Here’s a bit of my multimedia work, thus far.

My first stab at a Soundslide was a story about pool in the Syndicate at UNT. During the interview, I worked on capturing the audio. I had problems getting the audio level up as high as I needed to. The result was quiet sound. The editing process was interesting and fun.

Inside the Syndicate at UNT, there are many tables that students can pay to play on.

Inside the Syndicate at UNT, there are many tables that students can pay to play on.

After the pool story, I compiled a story about the UNT Fencing Club on my own. Overall, I enjoyed the process for this Soundslide the most. Coming from a print medium, I do not usually have to get up in front of people and snap pictures, but the experience was interesting. I had to come up with new angles to shoot the story from. While editing, I learned better how to compile a story without being able to paraphrase, which is difficult coming from the print side. Overall, I think the pictures and audio work well together.

The UNT Fencing Club uses these types of weapons for their bouts.

The UNT Fencing Club uses these types of weapons for their bouts.

For video, my partner, Jayda Quincey, shot B-roll of the action at the Clark Hall front desk. This experience helped me learn about shooting sequences. Watching my partner shoot video and trying to offer some ideas about how to approach it helped me come up with a better way of framing shots and approaching a video assignment.

Resident Assistant Joseph Conant checks his box.

Resident Assistant Joseph Conant checks his box.

My first individual attempt at video was about a female Lutheran pastor, the Reverend Dr. Peggy Ogden-Howe. During this assignment, I learned that just like in Soundslides, you need more B-roll than you believe you will. I also learned through having problems with the exposure level and the level of the camera that you cannot assume anything about the settings you put the camera on. The editing process illuminated the fact that I could lay different audio over different video images. Although the video did not turn out as bright or as well as I wanted, it helped me learn a lot about effective ways to shoot video. A major thing it taught me was not to let my nervousness get in the way of capturing a great story.

The Reverend Doc. Peggy Ogden-Howe shares her sermon with her congregation.

The Reverend Doc. Peggy Ogden-Howe shares her sermon with her congregation.

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Which function will it be?

March 6, 2009

James C. Foust, author of Online Journalism, provides a list of six manners in which blogs contribute to journalism from the Media Center at the American Press Institute. According to the list, blogs can serve as commentary, provide a way of filtering and editing, allow for fact checking, promote grassroots reporting, adding annotative reporting or encourage open-source reporting and peer review.

Thus far, this blog serves at least two of the six functions: as a means for commentary about news coverage and media websites as well as filtering because it links the reader to particularly interesting stories, multimedia and sites.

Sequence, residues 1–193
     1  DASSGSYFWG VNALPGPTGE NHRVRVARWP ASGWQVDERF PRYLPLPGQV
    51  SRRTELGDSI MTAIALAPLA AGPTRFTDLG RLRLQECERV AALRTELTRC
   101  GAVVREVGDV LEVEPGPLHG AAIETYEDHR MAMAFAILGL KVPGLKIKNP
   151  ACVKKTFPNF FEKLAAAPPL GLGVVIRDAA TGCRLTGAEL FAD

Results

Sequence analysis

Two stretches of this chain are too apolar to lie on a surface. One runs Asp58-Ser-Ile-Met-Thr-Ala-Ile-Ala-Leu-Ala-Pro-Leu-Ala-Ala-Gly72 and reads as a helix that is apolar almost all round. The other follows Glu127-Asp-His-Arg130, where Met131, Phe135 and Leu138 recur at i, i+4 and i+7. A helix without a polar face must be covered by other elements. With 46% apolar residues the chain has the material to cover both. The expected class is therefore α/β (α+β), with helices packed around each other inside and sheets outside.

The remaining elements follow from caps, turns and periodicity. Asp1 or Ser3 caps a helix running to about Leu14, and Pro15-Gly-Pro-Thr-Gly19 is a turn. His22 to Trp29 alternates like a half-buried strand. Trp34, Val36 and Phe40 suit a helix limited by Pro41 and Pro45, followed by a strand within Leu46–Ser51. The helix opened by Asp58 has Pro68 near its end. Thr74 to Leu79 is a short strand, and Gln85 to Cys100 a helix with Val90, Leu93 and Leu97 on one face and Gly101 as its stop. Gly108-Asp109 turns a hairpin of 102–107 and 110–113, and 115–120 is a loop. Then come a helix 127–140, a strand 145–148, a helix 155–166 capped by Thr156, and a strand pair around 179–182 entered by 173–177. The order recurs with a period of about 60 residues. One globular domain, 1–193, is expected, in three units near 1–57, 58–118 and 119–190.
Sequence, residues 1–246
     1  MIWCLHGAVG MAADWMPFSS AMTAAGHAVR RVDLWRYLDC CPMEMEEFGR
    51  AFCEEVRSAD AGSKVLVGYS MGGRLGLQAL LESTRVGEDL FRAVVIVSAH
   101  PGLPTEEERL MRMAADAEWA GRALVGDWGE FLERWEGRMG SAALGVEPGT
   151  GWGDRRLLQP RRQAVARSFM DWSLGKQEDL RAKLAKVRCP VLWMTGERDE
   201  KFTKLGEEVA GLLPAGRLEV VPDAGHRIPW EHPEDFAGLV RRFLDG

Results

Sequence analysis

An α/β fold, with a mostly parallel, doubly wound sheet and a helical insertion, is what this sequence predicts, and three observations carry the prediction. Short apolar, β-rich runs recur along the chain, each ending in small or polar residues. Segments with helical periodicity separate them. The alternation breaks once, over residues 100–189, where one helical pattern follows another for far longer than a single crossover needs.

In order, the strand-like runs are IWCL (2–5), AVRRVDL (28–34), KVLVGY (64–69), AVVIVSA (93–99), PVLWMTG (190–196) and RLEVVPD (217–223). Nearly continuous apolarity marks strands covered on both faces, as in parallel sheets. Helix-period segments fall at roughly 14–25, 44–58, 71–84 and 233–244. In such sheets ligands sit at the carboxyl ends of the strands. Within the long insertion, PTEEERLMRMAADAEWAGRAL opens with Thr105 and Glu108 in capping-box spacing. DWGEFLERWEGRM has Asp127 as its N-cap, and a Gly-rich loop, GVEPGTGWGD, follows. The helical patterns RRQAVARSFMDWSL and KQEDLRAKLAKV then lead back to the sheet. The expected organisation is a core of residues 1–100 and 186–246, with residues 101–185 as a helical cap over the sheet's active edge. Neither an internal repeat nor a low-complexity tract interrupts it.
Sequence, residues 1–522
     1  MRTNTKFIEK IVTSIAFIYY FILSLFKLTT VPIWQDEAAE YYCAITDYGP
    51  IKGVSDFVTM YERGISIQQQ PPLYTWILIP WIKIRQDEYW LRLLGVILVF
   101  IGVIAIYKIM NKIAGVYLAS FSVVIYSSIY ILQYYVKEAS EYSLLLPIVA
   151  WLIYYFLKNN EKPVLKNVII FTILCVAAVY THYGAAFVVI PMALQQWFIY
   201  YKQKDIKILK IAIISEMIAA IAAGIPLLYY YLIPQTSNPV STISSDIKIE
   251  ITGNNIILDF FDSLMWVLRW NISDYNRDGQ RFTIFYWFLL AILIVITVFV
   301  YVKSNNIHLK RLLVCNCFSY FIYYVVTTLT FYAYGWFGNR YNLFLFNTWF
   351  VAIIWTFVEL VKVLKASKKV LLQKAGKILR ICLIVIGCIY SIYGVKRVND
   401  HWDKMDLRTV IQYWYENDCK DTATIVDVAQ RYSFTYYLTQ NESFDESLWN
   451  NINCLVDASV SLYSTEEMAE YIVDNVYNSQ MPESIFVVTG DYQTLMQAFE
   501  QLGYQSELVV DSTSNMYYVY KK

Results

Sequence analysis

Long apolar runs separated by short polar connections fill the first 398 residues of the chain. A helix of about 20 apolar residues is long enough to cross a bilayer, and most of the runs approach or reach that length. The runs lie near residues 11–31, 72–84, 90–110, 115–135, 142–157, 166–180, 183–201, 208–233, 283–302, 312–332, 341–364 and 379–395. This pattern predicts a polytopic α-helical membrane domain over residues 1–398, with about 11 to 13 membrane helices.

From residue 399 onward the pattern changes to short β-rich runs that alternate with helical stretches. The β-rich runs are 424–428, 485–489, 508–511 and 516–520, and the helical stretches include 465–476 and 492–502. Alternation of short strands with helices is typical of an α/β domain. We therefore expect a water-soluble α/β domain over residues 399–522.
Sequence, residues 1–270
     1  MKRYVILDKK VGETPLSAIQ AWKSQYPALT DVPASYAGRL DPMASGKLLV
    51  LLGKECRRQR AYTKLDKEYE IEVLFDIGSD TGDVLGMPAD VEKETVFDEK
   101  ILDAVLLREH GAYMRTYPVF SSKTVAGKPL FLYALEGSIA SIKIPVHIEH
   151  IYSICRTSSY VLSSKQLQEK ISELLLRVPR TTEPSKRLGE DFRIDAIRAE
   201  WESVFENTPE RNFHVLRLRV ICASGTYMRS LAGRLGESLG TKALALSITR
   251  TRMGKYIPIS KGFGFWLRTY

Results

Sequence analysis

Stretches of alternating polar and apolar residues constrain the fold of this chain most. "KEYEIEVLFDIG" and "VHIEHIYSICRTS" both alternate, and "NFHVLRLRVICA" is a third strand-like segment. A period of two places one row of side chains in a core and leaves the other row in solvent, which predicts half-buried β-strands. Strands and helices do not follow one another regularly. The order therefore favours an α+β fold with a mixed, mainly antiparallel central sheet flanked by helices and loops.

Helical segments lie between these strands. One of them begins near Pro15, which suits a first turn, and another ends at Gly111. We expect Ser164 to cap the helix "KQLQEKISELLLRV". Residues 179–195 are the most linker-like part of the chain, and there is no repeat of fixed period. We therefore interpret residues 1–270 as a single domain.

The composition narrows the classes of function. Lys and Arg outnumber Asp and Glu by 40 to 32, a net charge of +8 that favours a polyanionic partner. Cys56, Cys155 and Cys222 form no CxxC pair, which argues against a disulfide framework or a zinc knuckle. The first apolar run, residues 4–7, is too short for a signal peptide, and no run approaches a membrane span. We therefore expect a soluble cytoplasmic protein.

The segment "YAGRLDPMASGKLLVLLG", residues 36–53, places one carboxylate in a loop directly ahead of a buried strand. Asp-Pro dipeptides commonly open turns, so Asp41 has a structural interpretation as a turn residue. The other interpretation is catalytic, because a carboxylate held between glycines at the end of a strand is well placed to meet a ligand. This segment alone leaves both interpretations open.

On the multimedia portion of the Star-Telegram Web site, one story called Together in loss appeared interesting. As the story unfolded, an emotional background for the story became evident. The soundslide offers a view at a part of society, particularly young widows of military personnel. As a multimedia piece, the soundslide provides a clear beginning, a detailed middle portion and a natural ending. By mixing the interviews with natural sound, the creators crafted a smooth, professional story.

Overall, the set up on the multimedia portion of the Star-Telegram site allows for easy access to multimedia.

Take a look at the UNT Fencing Club.

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Comparison of websites

March 1, 2009

The Nieman Journalism Lab developed a list of the “top 15 newspaper sites of 2008.” The Washington Post came in third, and The Houston Chronicle showed up at 14 on the list.

The Post provides a clear, easy to navigate format that looks preferable to The Chronicle. On its site, the Post uses white space to break up the links and allow the viewer to focus on specific stories without being overwhelmed. The Chronicle, however, jams links into a small space, providing a cluttered look. The cluttered site does not hold the attention of the viewer and causes difficulty in trying to find specific sections.

Although neither site provides a link at the top of the site to multimedia, the Post makes finding the multimedia simpler. The section for multimedia on the Chronicle blends in with all of the other stories because it looks the same. Once you enter the multimedia portion of the sites, however, both the Post and the Chronicle make it easy to find the multimedia.

There are many similarities in the multimedia on the sites. The Post and the Chronicle both republish video shot and edited by the Associated Press in addition to some original videos particular to the news entities themselves. A lot of the videos are purely straight video, however. Both sites lacked variety in their multimedia.

Another news option, especially for the Dallas-Ft. Worth area, is The Ft. Worth Star-Telegram.